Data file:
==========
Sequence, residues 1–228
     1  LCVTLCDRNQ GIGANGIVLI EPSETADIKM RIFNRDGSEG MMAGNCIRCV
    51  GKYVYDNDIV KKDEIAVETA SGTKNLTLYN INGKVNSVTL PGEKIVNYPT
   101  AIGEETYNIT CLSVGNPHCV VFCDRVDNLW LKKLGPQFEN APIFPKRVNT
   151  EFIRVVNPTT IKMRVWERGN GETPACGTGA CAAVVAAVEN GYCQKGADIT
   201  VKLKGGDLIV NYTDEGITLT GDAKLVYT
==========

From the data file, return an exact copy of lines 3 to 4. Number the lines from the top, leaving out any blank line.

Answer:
    51  GKYVYDNDIV KKDEIAVETA SGTKNLTLYN INGKVNSVTL PGEKIVNYPT
   101  AIGEETYNIT CLSVGNPHCV VFCDRVDNLW LKKLGPQFEN APIFPKRVNT